Thirty thousands of sorted CD19+ CD25+ or CD19+ CD25− B cells wer

Thirty thousands of sorted CD19+ CD25+ or CD19+ CD25− B cells were resuspended in KRG buffer (Krebs-Ringer phosphate buffer) check details with Ca2+, containing 0,1% BSA (Sigma-Aldrich) in a final volume of 30 μl and were placed on the upper well in duplicates. Cells were migrated towards different concentration of CXCL13 (50, 100 and 500 ng/ml), KRG buffer containing 0.1% BSA as a negative control added to the lower wells in a final volume of 30 μl. To determine if the migration was random

(chemokinesis) or directed (chemotaxis), 500 ng/ml of CXCL13 was added to both the upper and lower chamber followed by addition of cells to the upper chamber. Cells were incubated in a humidified atmosphere containing 5% CO2 at 37° for 12 h, thereafter the upper cell suspensions was removed, and the plates with the net were centrifuged at 350 g at 4° for 10 min. The net was discarded followed by an addition of 2 μl trypan blue together with 28 μl formaldehyde (4%). Migrated Ruxolitinib in vitro cells were manually enumerated using a microscope. Expression of homing receptors.  For flow cytometry analyses, 106 spleen cells were placed in 96-well plates and pelleted (3 min, 300 g, 4 °C). To avoid unspecific binding via Fc-receptor interactions, cells were incubated with Fc-block (2.4G2; BD Bioscience) for 8 min at room temperature. All antibodies were diluted in FACS-buffer (PBS containing, 1% FCS, 0.1% sodium azide and 0.5 mm EDTA). The antibodies used were directly conjugated with phycoerythrin

(PE), Pacific blue (PB) and peridinin chlorophyll protein (PerCp). Antibodies used were anti-CD25 (PC61), anti-α4β7 (DATK32), anti-CD62L (MEL-14), anti-CXCR5 (2G8) Coproporphyrinogen III oxidase purchased from BD Bioscience and anti-CD19 (1D3), anti-CXCR4 (2B11) purchased from eBioscience, (San Diego, CA, USA). Cells were stained as previously described, and gating of cells was performed using fluorochrome minus one settings

[13]. All data in the study are presented as levels above the background. Proliferation assay.  Triplicates of sorted CD19+ CD25+ or CD19+ CD25− B cells at a concentration of 2.5 × 105/ml were plated in a volume of 100 μl in round-bottomed 96-well plates and stimulated with either 3 μm CpG-PS, 5 μg/ml E-coli LPS or 0.5 μg/ml of Pam3Cys in a humidified atmosphere containing 5% CO2 at 37° for 48 h and pulsed with 1 μCi 3H-thymidine (Amersham Pharmacia Biotech) for additional 8 h. The cells were harvested onto glass fibre filters (Walluc Oy) and dried, where after incorporated 3H-thymidine was measured using a β-scintillation counter. Statistics.  All statistical analyses have been performed using the Prism software (GraphPad software version 4.0b; La Jolla, CA, USA), and Wilcoxon matched paired test was used when comparing CD25+ to CD25− B-cell subpopulations and Kurskal–Wallis test followed by Dunn’s test for multiple comparisons when comparing more than two cell populations. P < 0.05 was considered as significant. B cells were sorted in to two highly purified populations (>98.

The candidacidal mechanism of 3M-003-activated macrophages was in

The candidacidal mechanism of 3M-003-activated macrophages was investigated. MMA was used to test for 3M-003 induction of inducible nitric oxide synthase (iNOS) and its effect on candidacidal activity. We found that MMA at 0.2 mM significantly reduced the candidacidal activity of 3M-003 (10 and 100 μg mL−1)-activated macrophages from 40% and 44% to 28%

and 23%, respectively (P<0.05 for both) (Fig. 2b). Moreover, the candidacidal activity of IFN-γ-activated macrophages (51%) was reduced to 36% by 0.2 mM MMA. These findings were reproduced in a second experiment with 3M-003 100 μg mL−1 and IFN-γ 1000 U mL−1. These results indicate that iNOS induced by 3M-003 or IFN-γ can be inhibited by MMA, resulting in decreased killing learn more of C. albicans. Monocytes had low candidacidal activity (0–10%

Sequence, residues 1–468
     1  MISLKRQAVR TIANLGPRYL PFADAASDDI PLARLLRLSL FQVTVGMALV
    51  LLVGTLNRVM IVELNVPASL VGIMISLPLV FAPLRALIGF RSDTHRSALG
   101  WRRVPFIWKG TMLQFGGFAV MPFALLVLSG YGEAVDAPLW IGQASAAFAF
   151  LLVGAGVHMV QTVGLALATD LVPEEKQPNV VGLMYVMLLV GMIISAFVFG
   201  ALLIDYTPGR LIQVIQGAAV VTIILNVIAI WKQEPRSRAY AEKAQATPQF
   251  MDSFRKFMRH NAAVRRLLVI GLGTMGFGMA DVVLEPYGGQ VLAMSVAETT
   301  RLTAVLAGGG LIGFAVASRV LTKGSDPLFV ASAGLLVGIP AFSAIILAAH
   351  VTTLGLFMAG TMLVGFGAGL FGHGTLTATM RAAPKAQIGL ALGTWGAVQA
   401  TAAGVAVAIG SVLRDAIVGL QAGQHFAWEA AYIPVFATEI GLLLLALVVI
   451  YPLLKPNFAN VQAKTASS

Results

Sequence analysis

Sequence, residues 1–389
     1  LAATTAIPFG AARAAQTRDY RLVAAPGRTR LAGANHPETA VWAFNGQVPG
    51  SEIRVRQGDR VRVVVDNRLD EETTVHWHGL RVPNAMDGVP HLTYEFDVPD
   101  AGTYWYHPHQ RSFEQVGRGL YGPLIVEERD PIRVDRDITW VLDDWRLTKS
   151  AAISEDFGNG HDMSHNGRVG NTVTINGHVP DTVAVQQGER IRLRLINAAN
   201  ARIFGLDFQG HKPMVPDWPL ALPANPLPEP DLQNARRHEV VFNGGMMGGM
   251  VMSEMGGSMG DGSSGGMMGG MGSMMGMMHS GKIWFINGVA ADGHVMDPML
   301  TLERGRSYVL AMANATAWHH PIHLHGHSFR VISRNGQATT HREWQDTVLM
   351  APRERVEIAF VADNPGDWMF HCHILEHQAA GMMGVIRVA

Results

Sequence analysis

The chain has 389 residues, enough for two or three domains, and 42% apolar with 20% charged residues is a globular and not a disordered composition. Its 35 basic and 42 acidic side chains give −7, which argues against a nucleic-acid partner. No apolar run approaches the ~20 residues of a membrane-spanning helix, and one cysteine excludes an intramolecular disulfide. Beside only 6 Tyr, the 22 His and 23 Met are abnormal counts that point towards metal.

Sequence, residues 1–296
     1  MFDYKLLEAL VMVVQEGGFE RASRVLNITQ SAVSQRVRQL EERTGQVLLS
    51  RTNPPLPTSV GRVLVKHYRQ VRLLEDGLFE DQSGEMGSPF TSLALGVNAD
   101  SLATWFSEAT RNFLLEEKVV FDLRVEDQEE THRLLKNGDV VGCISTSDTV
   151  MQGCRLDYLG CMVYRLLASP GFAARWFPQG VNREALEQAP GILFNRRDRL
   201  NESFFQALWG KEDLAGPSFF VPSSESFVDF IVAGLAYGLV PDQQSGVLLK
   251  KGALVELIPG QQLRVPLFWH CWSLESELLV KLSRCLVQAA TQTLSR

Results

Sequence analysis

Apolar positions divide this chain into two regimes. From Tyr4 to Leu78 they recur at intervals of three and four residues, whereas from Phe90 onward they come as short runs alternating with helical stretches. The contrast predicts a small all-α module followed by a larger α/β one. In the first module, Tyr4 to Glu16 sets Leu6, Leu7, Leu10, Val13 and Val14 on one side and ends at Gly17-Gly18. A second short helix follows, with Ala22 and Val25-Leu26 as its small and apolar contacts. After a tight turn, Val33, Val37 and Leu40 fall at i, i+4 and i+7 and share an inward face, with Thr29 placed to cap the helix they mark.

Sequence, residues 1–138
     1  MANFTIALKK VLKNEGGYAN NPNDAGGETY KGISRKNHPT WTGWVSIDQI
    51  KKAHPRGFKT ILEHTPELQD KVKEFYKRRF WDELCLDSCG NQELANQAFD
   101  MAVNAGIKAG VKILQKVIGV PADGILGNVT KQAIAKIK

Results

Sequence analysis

in various experiments), and treatment with 3M-003 did not significantly Nutlin-3a chemical structure enhance candidacidal activity (maximum, 14%) (Fig. 3a). On the other hand, IFN-γ at 250 U mL−1 significantly (P<0.05) increased monocyte candidacidal activity to 28% (Fig. 3a). IFN-γ concentrations of 500 or 1000 U mL−1 did not prove superior to 250 mL−1. In another experiment where the challenge time was 2 h instead of 4 h, similar results were obtained, for example IFN-γ at 250 U mL−1, but not 3M-003, significantly (P<0.05) increased the candidacidal activity of monocytes compared with the candidacidal activity of monocytes cultured in CTCM. Neutrophils cultured in CTCM had significant candidacidal activity (46%). Treatment of neutrophils with 3M-003 (0.1–10 μg mL−1) did not significantly increase killing of C. albicans (51%) compared with neutrophils treated with CTCM (Fig. 3b). By contrast, neutrophils treated

with IFN-γ (1000 U mL−1) significantly (P<0.01) increased killing of C. albicans (to 82%) compared with killing by control neutrophils (Fig. 3b). Similar data were obtained at E : T of 50 : 1. In another experiment where the E : T ratio was 10 : 1, killing by control (CTCM) neutrophils (25%) was not significantly different from 22% to 32% killing by 3M-003 (1 μg mL−1)-treated neutrophils; however, killing HAS1 by IFN-γ-treated neutrophils was significantly (P<0.01) increased to 54%. When the supernatants from PBMC cultures stimulated by 3M-003 were tested for cytokines by ELISA, high levels of TNF-α and IL-12 were found (Table 1). 3M-003 at 1 μM appeared to be optimal for the production of these proinflammatory cytokines. It can be noted that IL-10 production was increased twofold above the background (Table 1). On the other hand, 3M-003 stimulation of PBMC did not induce IFN-γ production above the background (data not shown). Splenocyte preparations from macerated mouse spleens produced lower amounts of cytokines after stimulation with 3M-003 than did PBMC (data not shown).